January 17 – Kid Inventors’ Day

Happy Kid Inventors’ Day!

January 17th is Benjamin Franklin’s birthday and Kid Inventors’ Day. This is a day celebrated to acknowledge kid inventors of the past and to encourage future kid inventors.


Now and Ben: The Modern Inventions of Benjamin Franklin written and illustrated by Gene Barretta (2006)

This picture books uses comical drawings to illustrated the ideas behind inventions which are originally attributed to Benjamin Franklin… things like swimming flippers, bifocals, political cartoons, the musical armonica, lightening rods, long-arm grabbers, rocking chairs that do other jobs like fan or churn butter and the Franklin stove to heat the house more evenly than a fireplace. Benjamin Franklin also established the first library, hospital, post office, fire department, and sanitation department. But what he is probably most famous for is his role in developing America’s Constitution, the Treaty of Alliance with France, the Treaty of Peace with England, and the Declaration of Independence.


Inventor McGregor written by Kathleen T. Pelley and illustrated by Michael Chesworth (2006)

Hector McGregor was a genius at fixing things and inventing things his friends and family needed. He invented a barking mailbag to keep the dogs away from the postman, monkey tail belts for Mr. MacKay’s boys who dilly-dally around, helping hands for Mrs. McIver the mother of triplets, a pop-up bed alarm for  little Jamie Campbell who slept through his alarm clock, and bouncing boots of Wee Willie Beattie so he could see over crowds. One day, the president of the Royal Society of Inventors offered Mr. McGregor a fancy job in the city inventing things. Hector didn’t like leaving his family every day to go to work in the city, but he took the job. The problem was, he was in an empty room with only a long white lab coat, a name badge, and an a blank easel to work at. For weeks, he had no ideas. Hector just couldn’t work in that sterile environment. People began to talk about him, until he finally gave up his fancy job and went back to being a painter, a dreamer, and an inventor at home. Inventor McGregor learned that at long as he could ‘sing, and paint, and fiddle, and fling’ then he could do just what he loved doing most.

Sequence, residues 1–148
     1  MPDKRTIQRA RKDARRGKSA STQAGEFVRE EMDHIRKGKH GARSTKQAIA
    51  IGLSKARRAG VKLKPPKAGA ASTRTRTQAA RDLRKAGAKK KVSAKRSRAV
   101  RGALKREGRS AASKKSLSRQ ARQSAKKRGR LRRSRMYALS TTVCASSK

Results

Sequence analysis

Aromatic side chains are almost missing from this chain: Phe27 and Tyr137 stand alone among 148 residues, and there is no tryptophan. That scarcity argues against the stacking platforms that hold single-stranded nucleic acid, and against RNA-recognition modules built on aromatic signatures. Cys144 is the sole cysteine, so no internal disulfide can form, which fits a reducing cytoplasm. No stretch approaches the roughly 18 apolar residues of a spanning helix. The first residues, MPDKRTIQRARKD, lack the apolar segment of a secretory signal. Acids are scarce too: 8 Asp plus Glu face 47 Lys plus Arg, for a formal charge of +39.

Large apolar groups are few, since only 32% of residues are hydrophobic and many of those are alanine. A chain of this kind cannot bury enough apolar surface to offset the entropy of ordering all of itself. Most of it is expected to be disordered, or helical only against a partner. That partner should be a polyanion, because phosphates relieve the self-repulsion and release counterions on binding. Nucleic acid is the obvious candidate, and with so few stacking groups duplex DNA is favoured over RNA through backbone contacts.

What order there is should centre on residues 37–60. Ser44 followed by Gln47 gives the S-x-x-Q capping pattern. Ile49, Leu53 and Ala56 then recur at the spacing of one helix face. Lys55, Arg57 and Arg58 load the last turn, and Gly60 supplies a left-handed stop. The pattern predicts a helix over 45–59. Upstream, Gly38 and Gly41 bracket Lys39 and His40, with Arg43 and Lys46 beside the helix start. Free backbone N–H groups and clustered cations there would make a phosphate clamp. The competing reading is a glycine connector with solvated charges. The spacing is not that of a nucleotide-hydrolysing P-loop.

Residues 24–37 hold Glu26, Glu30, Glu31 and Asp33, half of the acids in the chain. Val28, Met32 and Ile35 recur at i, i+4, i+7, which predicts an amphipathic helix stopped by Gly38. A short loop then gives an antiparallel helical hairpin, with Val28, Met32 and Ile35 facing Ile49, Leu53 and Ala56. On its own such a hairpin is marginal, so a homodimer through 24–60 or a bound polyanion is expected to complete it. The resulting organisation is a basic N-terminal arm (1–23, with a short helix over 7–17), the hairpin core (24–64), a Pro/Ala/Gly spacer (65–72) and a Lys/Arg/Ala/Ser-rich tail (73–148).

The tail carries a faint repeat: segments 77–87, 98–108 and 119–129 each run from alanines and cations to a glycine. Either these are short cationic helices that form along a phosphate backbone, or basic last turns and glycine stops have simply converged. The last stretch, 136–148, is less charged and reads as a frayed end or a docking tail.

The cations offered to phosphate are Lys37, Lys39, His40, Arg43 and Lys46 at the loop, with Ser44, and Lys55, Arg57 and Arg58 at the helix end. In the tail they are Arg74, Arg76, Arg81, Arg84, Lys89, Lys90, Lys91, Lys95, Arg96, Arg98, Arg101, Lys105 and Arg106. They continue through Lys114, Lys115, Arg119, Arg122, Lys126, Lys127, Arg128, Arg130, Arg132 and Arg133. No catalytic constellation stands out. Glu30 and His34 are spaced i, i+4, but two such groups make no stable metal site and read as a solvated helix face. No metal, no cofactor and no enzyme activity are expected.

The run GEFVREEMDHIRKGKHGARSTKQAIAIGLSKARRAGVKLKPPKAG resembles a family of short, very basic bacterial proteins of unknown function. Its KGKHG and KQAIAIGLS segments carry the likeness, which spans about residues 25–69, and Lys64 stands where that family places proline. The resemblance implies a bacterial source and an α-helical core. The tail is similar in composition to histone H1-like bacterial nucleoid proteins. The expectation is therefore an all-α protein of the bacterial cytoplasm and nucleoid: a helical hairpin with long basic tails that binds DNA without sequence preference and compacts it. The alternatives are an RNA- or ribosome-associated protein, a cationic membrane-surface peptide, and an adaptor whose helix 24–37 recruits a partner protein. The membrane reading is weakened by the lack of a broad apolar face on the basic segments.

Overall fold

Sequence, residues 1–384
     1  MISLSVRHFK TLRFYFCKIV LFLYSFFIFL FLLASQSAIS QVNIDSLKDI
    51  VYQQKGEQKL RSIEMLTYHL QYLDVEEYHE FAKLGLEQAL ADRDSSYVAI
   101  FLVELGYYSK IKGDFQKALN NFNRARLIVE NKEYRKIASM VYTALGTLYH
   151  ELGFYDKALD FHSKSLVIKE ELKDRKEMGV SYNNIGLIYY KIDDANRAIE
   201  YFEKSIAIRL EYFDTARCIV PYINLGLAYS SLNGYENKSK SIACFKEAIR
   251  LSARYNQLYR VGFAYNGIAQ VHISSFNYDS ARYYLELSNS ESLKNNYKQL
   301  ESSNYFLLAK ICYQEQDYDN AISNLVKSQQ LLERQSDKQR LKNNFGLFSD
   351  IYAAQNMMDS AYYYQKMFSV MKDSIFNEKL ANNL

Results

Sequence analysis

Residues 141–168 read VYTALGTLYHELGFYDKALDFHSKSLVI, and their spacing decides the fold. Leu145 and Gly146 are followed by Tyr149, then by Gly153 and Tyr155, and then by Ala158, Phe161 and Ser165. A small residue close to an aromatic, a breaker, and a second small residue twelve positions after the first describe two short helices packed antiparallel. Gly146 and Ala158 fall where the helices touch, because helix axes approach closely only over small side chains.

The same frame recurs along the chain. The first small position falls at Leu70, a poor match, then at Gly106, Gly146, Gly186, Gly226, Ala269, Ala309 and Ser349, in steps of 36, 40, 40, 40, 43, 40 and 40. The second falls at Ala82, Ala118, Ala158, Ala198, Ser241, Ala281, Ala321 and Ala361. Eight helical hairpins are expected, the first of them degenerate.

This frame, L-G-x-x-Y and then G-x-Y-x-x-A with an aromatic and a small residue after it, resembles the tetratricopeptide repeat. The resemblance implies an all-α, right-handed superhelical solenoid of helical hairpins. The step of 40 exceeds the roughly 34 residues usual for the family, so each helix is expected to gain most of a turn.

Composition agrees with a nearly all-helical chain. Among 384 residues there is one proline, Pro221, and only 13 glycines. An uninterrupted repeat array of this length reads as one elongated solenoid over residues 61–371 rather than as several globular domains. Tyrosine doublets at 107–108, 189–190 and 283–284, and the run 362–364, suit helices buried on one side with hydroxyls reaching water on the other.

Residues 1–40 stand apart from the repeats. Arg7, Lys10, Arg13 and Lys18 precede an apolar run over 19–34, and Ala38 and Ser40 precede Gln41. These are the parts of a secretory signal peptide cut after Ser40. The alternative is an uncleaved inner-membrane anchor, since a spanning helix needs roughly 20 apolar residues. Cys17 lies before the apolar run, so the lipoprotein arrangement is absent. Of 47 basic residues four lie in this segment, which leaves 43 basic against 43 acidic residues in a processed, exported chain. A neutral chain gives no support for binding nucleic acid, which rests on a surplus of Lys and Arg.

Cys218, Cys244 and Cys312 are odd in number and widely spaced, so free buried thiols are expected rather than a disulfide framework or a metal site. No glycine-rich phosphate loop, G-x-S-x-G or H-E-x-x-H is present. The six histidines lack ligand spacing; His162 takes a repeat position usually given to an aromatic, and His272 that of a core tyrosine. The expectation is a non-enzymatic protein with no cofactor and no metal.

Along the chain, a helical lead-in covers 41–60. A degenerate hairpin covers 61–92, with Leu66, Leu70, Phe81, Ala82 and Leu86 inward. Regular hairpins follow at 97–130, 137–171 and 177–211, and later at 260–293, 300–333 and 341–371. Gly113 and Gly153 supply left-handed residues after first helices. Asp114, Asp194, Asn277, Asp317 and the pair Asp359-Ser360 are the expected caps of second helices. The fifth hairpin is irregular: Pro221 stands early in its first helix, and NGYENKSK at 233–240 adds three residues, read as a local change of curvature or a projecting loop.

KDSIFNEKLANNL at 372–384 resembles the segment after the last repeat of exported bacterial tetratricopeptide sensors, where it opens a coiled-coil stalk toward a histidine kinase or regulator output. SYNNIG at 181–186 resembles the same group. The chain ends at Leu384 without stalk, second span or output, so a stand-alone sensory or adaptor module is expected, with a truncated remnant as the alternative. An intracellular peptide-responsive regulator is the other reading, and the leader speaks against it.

Imaginative Inventions written and illustrated by Charise Mericle Harper (2001)

Funny rhyming information about common everyday things and their inventors. Read about how potato chips, piggy banks, doughnut, roller skates, vacuum cleaners, and many other things were invented. In her final poem ‘A Last Word About Inventions’ Charise Mericle Harper writes, “Inventors can be young or as old as ninety-three, they just need imagination to see things creatively.”

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